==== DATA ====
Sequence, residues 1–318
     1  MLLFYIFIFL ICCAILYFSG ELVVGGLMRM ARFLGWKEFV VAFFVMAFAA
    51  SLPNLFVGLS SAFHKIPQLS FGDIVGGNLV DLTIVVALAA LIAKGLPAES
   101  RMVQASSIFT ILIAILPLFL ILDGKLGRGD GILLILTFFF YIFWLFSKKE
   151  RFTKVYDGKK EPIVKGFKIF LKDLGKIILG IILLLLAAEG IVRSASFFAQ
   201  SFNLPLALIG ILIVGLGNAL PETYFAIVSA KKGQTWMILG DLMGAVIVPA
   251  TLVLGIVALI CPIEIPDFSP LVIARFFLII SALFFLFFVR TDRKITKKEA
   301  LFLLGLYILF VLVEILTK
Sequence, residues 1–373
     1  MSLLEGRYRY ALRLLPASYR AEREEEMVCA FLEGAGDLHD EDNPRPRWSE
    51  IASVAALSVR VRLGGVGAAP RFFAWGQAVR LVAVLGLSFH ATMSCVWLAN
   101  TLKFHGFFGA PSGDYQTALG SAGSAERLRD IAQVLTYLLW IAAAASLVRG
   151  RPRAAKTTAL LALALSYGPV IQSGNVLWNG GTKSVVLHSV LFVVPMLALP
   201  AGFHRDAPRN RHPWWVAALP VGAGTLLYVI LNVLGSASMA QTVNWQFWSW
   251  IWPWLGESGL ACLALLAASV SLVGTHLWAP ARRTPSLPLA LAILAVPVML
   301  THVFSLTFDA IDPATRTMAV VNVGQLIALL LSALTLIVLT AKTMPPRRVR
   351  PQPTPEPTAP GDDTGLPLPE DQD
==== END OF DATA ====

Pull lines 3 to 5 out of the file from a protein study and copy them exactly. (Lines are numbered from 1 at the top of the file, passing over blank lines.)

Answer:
    51  SLPNLFVGLS SAFHKIPQLS FGDIVGGNLV DLTIVVALAA LIAKGLPAES
   101  RMVQASSIFT ILIAILPLFL ILDGKLGRGD GILLILTFFF YIFWLFSKKE
   151  RFTKVYDGKK EPIVKGFKIF LKDLGKIILG IILLLLAAEG IVRSASFFAQ